Good Theater Is Bad for the Stock Market

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Prime Minister Vladimir Putin's invective last week against Mechel sent shares in the coal and steel major tumbling. The immediate fallout from the prime minister's public accusations of price fixing saw the value of Mechel's capitalization plummet by $6 billion.

And Mechel didn't suffer alone, as the RTS fell to a six-month low on Friday, after Putin called for an investigation of charges it sells coking coal on the domestic market for twice its export price.

He also warned Mechel owner Igor Zyuzin, who was being treated in a Moscow cardiology clinic, that he would send a doctor to "clean up all the problems" if Zyuzin didn't get well and deal with the issue.

Mechel management seems to have taken the warning to heart, issuing a statement Friday that it was ready to cooperate with the authorities. Combined with assurances from senior government officials that Mechel was not marked out as the next Yukos, this helped Mechel ADR's and the RTS begin to rebound on Monday -- only to have Putin renew his attack. This time, he went into detail, explaining that he believed Mechel was dodging taxes through a transfer-pricing scheme to send profits to offshore companies.

This public bashing smacks of the old planned economy, where the Party boss would berate company directors. It is clearly not standard behavior for a head of government in what is claimed to be a market economy to go on a verbal offensive against a publicly traded, private company. If that company has violated price-fixing rules, it is the responsibility of the legal and regulatory authorities, such as the Federal Anti-Monopoly Service, to investigate.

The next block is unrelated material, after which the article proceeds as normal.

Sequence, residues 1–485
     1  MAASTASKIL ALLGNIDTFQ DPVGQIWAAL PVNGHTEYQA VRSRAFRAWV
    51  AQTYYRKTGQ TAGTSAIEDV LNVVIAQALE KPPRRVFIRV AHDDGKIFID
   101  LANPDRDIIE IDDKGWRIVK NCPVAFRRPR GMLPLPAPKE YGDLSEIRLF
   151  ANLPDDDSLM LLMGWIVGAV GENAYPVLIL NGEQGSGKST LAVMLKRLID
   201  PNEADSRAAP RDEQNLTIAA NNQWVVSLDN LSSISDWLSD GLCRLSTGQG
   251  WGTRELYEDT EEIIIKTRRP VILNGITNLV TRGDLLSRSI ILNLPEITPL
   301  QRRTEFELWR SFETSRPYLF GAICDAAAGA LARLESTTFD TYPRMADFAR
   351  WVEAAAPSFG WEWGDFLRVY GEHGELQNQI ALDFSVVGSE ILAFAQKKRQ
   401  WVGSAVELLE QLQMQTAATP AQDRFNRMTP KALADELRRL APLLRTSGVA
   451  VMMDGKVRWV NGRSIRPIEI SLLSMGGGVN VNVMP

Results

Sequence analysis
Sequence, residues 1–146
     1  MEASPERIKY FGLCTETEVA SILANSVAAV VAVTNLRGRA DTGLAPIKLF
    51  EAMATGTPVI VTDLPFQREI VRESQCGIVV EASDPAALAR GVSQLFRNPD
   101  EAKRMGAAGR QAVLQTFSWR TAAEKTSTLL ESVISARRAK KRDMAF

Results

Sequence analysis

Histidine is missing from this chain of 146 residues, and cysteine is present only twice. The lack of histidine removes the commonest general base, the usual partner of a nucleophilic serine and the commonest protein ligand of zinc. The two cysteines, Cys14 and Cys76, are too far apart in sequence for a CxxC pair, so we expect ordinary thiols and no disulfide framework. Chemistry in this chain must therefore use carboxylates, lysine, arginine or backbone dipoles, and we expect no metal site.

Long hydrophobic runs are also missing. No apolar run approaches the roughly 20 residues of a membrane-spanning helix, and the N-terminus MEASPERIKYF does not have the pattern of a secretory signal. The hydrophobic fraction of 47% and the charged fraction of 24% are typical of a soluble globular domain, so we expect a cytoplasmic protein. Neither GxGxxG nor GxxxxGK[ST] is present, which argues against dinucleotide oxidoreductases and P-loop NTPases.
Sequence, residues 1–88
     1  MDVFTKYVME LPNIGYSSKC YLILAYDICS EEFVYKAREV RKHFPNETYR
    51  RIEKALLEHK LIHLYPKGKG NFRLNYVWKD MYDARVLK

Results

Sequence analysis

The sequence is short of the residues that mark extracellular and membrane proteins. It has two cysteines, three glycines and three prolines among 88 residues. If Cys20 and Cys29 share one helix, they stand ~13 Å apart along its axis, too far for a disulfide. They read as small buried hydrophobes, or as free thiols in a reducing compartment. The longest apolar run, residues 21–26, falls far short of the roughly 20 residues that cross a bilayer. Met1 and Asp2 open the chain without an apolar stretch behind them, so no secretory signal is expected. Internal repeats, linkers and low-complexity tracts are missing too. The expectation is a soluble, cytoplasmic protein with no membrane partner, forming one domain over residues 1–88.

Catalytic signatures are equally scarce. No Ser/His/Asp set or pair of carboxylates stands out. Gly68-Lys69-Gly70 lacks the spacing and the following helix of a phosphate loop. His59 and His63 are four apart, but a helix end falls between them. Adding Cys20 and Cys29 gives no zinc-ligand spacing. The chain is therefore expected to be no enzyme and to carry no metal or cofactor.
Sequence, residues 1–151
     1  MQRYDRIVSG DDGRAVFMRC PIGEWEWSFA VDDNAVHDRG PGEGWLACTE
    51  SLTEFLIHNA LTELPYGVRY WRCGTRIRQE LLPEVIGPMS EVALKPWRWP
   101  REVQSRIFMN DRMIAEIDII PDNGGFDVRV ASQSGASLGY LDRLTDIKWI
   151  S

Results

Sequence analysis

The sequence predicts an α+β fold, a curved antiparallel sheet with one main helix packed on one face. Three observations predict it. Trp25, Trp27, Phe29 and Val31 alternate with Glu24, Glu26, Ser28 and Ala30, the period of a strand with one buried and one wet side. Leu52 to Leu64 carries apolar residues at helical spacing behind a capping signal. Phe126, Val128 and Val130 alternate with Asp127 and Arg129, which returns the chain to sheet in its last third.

But in the Russian reality, the service is toothless -- as seen in the existence of an ever-expanding behemoth like Gazprom or the fact that domestic jet fuel prices are higher than on world markets -- and only goes after big companies when it receives the order from the prime minister or president of whom to target next.

And when it does move on a big company, especially after a public command from the prime minister, it's hard to blame analysts -- or the markets -- for speculating that one or another politically connected giant is eyeing the "guilty" company's assets.

The Anti-Monopoly Service should follow institutionalized guidelines in going after anti-market behavior without needing the political go-ahead. Political leaders, meanwhile, should eschew these theatrics. As the reaction of the RTS -- not just Mechel's shares -- demonstrates, this kind of behavior is anti-market in its own right.

Bravado like this might help him score points with the public, but it won't do anything to change investors' perceptions that the big names in government can do as they please with private companies that fall out of favor.

Fair or not, Yukos will always be the first name on everyone's lips.